By John Shoptaw
Chimerical, the rhinoceros egret,
its keratin dehorned in South Africa
and container-shipped to Vietnam or China
where it’s ground by aphrodisiasts
and snorted by affluent boneheads,
metamorphs into the hippopotamus egret,
the elephant, Cape buffalo, zebra, giraffe,
the ostrich, and the camel egret,
the deep-domed tortoise, and in the Americas
the cow heron or cattle egret.
Ranging like wildfire over the last century,
a migration prodded by the transmutation
of forests into ranches, the cattle egret
writhes and champs and tilts and plods
and darts in cursive at grasshoppers.
And where its livestock gets concentrated,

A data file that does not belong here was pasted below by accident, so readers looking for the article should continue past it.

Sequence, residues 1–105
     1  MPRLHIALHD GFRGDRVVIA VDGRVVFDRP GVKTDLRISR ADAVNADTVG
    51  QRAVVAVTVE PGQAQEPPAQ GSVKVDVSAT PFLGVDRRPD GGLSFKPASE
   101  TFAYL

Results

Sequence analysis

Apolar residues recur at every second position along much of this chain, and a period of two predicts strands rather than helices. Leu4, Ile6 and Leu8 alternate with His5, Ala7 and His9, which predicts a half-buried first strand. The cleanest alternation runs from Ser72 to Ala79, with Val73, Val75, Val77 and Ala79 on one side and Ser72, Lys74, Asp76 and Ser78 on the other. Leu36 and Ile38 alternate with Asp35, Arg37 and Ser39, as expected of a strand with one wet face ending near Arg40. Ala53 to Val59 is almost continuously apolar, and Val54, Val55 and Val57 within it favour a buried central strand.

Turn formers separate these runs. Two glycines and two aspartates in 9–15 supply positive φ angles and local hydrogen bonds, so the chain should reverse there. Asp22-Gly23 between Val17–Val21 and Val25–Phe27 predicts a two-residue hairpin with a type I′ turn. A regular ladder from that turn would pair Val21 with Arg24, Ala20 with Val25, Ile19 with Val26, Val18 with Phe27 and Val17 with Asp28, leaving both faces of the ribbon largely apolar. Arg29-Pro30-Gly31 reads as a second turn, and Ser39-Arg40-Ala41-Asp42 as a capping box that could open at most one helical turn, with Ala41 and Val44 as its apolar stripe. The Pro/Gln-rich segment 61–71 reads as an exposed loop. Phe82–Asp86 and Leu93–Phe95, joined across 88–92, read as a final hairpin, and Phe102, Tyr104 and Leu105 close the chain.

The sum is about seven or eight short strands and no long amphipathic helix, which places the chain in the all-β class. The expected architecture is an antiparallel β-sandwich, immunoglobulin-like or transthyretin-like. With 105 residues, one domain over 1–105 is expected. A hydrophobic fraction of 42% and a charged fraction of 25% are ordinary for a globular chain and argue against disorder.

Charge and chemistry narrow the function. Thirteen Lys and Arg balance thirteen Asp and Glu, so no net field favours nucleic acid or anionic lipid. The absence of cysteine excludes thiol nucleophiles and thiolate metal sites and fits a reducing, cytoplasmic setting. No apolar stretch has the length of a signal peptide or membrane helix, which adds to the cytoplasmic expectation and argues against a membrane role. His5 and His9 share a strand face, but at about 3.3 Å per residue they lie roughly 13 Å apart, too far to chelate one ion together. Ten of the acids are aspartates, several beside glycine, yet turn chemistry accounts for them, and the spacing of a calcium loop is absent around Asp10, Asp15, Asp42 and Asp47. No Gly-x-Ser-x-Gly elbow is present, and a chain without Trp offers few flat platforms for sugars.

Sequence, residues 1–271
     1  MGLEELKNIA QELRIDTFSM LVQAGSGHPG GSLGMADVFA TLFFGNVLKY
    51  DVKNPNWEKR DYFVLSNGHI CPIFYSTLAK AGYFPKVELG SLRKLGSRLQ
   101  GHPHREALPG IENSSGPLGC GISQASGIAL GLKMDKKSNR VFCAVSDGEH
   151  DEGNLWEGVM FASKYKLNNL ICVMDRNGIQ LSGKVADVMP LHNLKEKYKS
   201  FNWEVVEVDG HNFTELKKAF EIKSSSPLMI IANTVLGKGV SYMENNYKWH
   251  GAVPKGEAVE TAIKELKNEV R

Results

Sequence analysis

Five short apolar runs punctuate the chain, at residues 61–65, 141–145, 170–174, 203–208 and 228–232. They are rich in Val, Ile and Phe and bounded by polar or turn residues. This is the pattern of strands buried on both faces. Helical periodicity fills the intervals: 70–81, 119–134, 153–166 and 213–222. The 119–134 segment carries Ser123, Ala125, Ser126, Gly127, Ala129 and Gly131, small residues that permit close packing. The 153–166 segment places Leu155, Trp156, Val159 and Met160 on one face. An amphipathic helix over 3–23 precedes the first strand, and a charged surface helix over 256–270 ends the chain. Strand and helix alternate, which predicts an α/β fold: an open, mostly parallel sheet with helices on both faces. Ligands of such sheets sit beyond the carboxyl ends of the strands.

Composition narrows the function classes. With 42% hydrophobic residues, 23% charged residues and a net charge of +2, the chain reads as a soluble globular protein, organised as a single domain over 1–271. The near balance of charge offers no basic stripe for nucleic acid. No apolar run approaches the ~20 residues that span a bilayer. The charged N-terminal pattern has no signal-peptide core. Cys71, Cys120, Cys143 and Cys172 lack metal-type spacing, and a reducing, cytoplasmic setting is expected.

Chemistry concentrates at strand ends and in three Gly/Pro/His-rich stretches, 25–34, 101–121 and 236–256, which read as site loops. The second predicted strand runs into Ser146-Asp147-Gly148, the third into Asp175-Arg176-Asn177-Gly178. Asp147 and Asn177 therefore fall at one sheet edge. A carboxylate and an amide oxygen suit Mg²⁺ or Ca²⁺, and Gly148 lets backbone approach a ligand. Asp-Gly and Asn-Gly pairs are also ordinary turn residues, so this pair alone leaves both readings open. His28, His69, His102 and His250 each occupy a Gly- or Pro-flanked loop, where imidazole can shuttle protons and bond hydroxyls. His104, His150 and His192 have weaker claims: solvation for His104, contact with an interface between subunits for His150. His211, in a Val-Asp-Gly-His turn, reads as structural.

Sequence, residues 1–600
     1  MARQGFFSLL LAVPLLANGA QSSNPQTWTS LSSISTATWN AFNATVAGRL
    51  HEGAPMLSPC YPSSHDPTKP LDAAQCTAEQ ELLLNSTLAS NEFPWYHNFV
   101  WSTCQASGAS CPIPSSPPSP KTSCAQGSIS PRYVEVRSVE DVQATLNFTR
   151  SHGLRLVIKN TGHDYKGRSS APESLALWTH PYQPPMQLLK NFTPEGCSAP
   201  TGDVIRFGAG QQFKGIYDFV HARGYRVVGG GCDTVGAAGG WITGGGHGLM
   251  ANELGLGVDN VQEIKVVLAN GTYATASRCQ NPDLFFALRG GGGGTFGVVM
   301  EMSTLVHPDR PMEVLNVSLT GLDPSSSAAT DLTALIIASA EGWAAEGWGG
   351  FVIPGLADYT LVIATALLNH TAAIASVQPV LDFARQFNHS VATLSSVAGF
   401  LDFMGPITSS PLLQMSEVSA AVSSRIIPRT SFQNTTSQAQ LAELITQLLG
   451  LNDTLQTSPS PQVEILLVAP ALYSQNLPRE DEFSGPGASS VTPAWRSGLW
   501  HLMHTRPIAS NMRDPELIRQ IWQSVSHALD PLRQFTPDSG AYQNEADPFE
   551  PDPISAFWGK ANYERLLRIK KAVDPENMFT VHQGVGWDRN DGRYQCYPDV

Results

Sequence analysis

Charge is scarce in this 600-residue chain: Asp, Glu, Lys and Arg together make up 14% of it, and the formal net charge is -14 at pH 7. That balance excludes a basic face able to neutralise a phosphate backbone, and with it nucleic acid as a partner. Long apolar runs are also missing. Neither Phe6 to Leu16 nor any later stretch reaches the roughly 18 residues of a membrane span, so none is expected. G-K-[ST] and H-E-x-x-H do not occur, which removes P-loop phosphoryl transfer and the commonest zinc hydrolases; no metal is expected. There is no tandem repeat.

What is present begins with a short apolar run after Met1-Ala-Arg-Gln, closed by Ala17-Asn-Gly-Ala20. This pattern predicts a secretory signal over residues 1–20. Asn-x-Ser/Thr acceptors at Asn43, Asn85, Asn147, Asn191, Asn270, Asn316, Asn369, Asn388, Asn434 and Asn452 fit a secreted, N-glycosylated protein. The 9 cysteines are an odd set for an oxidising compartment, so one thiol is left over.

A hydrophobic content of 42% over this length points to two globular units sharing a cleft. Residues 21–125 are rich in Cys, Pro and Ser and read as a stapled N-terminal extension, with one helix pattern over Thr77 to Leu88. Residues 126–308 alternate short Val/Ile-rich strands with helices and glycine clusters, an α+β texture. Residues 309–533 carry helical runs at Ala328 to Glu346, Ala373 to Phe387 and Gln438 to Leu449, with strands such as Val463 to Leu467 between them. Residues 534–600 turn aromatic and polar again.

decapitated, tenderized, charred, whatever,
the Bubulcus ibis or cattleman wader,
capitalizing on a field without cattle,
reinvents itself as the tractor egret
though the unattached bird is emblem enough
of the other end of extinction, ignition,
when not just its shaggy breeding crest
and breast plumage go up in flame
but its legs, beak, lores, and irises catch color.
More Poems about Living
Emily Dickinson at the Poetry Slam
I will tell you why she rarely ventured from her house.
It happened like this:
One day she took the train to Boston,
made her way to the darkened room,
put her name down in cursive script
and waited her turn.
When they read her name...
Altered After Too Many Years Under the Mask
I feel you
More Poems about Nature
The earth said
The earth said
don’t let go,
said it one day
when I was
heard it, I felt it
all said in a
morrow, make right be-
fall, you are not
free, other scenes
are not taking
place, time is not filled,
time is not late,...
For the Feral Splendor That Remains
sometimes I strain